The Finance Ministry on Tuesday issued a decision implementing Article 29 of the 2022 State Budget regarding income taxes on the industrial and commercial activity of taxpayers who do not reside in Lebanon but still pay Lebanese taxes.
This category does not only include non-residents — those who do not live in Lebanon but may work in the country from time to time — but also a wide range of self-employed individuals and small businesses — plumbers, house painters, street vendors, etc. — who are not registered with Lebanese tax authorities.
This non-resident status requires non-residents to pay a fixed tax of 7.5 percent of the income received for a service, or 2.25 percent when there is a property transaction.
These taxes are usually deducted by companies registered with Lebanese authorities that do business with non-resident taxpayers, explained Nadim Daher, treasurer of the Lebanese Business Leaders Association (RDCL).
Easy to circumvent
Until the late implementation of the 2022 budget on Nov. 15, companies with a tax number had to declare and pay accumulated taxes due at the end of the year in one lump sum.
Article 29 of the 2022 budget now requires payments to be made quarterly. The ministry’s decision, published Tuesday on its website, offers details of its implementation.
Payment must be made within 15 days of the end of each quarter and taxpayers must attach a return for the last quarter of 2022.
The ministry also provides forms to be completed for each quarterly and annual return. However, the ministry gave no indication as to which exchange rate will be used to calculate taxable income in lira. Differing exchange rates are a central issue given Lebanon’s complete divorce from the former official parity of LL1,507.5 to the dollar.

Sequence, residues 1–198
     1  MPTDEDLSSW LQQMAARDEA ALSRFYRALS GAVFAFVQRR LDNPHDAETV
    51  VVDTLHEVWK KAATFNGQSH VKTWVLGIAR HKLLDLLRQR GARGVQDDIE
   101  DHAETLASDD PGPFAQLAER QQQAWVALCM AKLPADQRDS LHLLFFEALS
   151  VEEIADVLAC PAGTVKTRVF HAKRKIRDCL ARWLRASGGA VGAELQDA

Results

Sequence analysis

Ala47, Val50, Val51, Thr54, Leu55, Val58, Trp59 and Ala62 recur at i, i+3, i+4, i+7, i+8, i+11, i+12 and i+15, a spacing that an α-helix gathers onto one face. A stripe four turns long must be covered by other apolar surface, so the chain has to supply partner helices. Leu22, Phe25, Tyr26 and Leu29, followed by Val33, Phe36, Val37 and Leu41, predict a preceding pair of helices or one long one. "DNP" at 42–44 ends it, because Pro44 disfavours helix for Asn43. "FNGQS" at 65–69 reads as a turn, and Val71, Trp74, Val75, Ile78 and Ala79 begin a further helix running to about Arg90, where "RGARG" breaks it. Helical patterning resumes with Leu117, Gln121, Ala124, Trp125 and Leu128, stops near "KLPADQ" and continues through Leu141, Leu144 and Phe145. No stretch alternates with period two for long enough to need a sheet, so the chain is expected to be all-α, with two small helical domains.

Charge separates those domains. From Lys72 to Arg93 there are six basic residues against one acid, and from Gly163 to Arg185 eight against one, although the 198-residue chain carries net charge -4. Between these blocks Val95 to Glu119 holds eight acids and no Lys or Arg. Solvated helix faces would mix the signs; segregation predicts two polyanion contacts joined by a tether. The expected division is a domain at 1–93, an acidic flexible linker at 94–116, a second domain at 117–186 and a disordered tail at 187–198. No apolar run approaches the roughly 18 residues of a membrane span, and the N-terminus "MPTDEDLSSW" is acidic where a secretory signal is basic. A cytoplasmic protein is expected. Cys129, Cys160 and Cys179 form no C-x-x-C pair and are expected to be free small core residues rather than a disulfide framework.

According to Daher, the ministry’s transition to quarterly payments is intended to more effectively trace companies not registered with the tax authorities, forcing them to comply with regular tax structures.
“If the intention is commendable, the [ministry’s] forms … may be ineffective to increase the number of taxpayers,” said Daher. “The ministry only asks for name, address, taxable amount and amount of tax paid, but not a phone number, for example. It’s too easy to get around.”
“In the end, the risk is that those who evade taxes continue to evade [them] and that the state ends up putting all the tax pressure needed to rebalance the public accounts on those who fulfilled their obligations,” he said.
The 2022 budget incorporated radical tax adjustments to increase government revenue and a significant number of regressive taxes to balance state accounts at the expense of all other considerations.
This article was originally published in French in L'Orient-Le Jour. Translation by Joelle El Khoury.